Income Tax

These laws deal with tax payments and deductions for both real estate professionals and home owners.

February 8, 2012

TransactionPre-Transaction Return to Index Page Income Tax Mortgage

 

   IRS Schedule C: Profit or Loss from Business

Summary:
Independent contractors are to track their “reasonable and ordinary” expenses related to their business, including costs for marketing and selling a property, for reporting on Schedule C of their federal tax return to deduct those costs from their income.

Regulator:
U.S. Internal Revenue Service

Original statutory authority:
U.S. Internal Revenue Code (IRC), Section 162 (a)

Penalties:
Penalty fees as assessed by the IRS

More information:
NAR IRS information reporting summary

This summary is not a comprehensive analysis of how the law applies to you.  Consult a qualified real estate attorney to determine how the federal law and laws in your state impact you in this area.

 

   Mortgage Interest Deduction (MID)

Summary:
The mortgage interest deduction can influence household home purchase decisions by permitting home owners to reduce their federally taxable income by the amount of interest paid on the loan which is secured by their home. Limited to home loan amounts of up to $1 million or $100,000 in equity for home equity loans.

Original statutory authority:
26 U.S.C. § 163(h) of the Internal Revenue Code

Regulator:
Internal Revenue Service

Penalties:
Criminal penalties can apply in cases involving fraud. 

More information:
IRS Publication 936: Home Mortgage Interest Deduction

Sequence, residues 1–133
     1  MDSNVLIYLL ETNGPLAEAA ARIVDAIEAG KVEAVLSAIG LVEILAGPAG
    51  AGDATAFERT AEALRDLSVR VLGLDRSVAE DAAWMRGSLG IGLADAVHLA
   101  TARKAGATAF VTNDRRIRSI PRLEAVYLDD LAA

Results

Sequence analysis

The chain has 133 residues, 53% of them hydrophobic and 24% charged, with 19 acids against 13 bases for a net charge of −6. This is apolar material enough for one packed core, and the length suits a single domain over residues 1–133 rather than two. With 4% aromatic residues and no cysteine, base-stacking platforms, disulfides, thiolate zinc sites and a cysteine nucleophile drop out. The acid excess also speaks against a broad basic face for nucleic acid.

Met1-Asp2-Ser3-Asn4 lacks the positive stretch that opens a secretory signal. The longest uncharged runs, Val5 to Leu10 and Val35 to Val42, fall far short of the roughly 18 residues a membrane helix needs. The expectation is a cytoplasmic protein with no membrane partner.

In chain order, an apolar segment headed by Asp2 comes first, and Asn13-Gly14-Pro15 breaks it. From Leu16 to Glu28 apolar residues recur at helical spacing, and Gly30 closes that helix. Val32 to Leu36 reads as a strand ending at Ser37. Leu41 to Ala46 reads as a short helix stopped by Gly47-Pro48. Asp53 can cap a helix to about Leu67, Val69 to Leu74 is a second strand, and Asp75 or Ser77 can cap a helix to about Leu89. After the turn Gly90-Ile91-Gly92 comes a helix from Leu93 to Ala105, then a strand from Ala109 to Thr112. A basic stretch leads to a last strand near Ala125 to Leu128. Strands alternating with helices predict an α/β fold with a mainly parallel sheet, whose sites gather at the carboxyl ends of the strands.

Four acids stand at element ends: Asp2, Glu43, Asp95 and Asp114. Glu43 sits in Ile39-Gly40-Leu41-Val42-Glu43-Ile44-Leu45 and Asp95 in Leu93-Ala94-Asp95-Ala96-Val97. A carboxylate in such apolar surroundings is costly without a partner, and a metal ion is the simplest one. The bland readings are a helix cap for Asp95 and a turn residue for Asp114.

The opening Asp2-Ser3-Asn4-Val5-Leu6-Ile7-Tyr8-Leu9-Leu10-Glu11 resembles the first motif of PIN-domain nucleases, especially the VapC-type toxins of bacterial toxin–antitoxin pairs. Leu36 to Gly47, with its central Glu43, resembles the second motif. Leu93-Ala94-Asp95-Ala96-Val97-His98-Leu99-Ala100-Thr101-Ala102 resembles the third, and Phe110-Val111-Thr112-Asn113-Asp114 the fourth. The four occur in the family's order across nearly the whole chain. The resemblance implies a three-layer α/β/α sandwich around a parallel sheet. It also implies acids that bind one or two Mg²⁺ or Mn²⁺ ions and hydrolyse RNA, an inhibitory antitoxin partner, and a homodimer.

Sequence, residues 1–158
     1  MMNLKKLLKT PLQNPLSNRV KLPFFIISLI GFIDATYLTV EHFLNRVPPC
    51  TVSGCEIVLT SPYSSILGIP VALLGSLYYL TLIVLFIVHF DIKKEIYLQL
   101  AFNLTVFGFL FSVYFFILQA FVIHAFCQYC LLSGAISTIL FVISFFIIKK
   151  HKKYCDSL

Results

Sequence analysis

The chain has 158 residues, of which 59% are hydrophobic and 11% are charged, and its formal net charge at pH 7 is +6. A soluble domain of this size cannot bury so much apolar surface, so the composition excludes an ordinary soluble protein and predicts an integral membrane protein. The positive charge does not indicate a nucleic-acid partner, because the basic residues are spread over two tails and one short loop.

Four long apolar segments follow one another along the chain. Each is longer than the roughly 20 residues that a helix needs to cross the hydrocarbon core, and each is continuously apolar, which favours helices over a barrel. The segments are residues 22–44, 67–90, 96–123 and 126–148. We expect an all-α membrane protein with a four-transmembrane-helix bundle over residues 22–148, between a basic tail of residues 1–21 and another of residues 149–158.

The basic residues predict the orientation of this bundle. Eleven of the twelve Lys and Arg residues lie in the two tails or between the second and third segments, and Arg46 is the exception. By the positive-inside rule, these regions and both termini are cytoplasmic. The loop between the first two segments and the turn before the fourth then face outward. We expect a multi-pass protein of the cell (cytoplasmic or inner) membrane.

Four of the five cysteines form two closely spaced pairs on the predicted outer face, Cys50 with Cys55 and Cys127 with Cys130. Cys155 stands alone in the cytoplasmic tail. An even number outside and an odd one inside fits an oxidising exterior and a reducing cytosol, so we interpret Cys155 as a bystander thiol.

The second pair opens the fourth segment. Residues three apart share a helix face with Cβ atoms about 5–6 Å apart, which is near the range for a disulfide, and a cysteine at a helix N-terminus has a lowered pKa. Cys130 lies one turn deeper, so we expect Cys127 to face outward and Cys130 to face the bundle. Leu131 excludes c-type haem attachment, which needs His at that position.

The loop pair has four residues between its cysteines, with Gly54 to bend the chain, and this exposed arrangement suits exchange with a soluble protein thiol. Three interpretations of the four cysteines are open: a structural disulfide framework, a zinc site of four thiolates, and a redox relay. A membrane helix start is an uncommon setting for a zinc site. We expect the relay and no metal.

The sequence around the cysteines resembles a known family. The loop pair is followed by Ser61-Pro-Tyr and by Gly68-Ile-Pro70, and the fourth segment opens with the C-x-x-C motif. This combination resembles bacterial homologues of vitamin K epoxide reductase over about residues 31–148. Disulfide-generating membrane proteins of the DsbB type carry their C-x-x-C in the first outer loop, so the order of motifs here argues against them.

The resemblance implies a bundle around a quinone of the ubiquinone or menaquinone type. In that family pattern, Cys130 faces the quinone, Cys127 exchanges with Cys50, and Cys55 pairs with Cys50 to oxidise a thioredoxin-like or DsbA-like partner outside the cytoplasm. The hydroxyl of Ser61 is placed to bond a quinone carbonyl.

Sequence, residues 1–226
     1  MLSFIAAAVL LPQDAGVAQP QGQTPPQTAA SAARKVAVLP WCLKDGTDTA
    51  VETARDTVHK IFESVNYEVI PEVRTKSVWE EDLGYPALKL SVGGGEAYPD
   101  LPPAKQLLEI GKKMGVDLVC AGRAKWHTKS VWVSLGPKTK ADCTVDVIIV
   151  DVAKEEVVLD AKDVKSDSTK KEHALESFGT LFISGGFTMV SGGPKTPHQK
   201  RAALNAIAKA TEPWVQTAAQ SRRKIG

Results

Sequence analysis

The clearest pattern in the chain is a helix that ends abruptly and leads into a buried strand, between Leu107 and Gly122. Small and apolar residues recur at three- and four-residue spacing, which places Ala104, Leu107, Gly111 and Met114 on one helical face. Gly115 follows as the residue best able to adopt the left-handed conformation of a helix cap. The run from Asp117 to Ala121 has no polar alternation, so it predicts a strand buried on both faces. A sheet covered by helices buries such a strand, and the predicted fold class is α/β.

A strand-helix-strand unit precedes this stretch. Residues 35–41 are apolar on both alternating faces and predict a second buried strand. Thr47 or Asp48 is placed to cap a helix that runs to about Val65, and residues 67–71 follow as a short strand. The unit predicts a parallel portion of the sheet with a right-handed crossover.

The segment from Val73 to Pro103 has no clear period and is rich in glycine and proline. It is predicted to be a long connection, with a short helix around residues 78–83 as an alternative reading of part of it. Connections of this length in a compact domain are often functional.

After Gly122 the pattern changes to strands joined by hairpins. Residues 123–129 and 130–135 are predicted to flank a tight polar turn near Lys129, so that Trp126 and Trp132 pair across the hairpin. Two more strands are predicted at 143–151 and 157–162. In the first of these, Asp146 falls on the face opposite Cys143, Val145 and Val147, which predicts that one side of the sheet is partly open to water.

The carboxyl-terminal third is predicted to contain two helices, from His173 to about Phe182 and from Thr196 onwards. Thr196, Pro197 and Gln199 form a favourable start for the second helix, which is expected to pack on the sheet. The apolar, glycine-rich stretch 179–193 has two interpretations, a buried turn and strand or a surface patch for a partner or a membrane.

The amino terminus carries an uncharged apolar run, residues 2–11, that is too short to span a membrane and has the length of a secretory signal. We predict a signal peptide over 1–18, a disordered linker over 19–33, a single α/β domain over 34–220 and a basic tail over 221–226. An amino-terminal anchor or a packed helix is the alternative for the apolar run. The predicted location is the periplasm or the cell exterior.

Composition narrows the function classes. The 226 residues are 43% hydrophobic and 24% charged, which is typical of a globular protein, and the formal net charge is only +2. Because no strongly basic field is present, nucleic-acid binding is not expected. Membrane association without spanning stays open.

NAR MID Resource Page

This summary is not a comprehensive analysis of how the law applies to you.  Consult a qualified real estate attorney to determine how the federal law and laws in your state impact you in this area.

 

   Capital Gains Exclusion on Sale of Principle Residence

Summary:
Taxpayers can exclude up to $250,000 ($500,000 for married couples filing jointly) of capital gains on the sale of their primary home. To be eligible, taxpayers must have lived in the home as their primary residence for two of the five years before the date of sale.

Original statutory authority:
Taxpayer Relief Act of 1997 (Public Law 105-34, H.R. 2014, 111 Stat. 787)

Regulator:
Internal Revenue Service

Penalties:
Criminal penalties can apply in cases involving fraud. 

More information:
“Excluding Your Gain,” from IRS Publication 523: Selling Your Home
NAR: Capital Gains Exclusion on Sale of Principle Residence

This summary is not a comprehensive analysis of how the law applies to you.  Consult a qualified real estate attorney to determine how the federal law and laws in your state impact you in this area.

Robert Freedman

Robert Freedman is the former director of multimedia communications at NAR.